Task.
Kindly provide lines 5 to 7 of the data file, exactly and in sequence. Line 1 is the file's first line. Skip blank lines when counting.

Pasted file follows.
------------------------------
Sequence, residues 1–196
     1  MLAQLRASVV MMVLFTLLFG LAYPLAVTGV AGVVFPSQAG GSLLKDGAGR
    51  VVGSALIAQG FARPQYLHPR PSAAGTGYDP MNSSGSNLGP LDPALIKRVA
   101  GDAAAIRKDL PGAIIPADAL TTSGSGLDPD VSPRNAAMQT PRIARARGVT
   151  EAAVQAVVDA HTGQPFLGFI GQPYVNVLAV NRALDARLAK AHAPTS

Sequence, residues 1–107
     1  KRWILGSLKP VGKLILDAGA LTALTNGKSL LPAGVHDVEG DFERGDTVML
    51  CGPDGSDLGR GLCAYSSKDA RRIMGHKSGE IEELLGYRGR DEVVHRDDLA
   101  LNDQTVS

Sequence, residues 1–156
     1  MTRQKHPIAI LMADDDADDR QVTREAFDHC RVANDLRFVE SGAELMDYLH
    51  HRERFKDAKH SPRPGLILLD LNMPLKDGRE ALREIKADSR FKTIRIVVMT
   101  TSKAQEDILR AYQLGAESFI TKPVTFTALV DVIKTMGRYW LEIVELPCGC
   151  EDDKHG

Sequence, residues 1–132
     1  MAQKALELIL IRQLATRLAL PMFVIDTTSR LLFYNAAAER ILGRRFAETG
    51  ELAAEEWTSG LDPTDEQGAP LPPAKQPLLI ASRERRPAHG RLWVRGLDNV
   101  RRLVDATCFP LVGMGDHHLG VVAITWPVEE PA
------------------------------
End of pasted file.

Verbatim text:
   151  EAAVQAVVDA HTGQPFLGFI GQPYVNVLAV NRALDARLAK AHAPTS

Sequence, residues 1–107
     1  KRWILGSLKP VGKLILDAGA LTALTNGKSL LPAGVHDVEG DFERGDTVML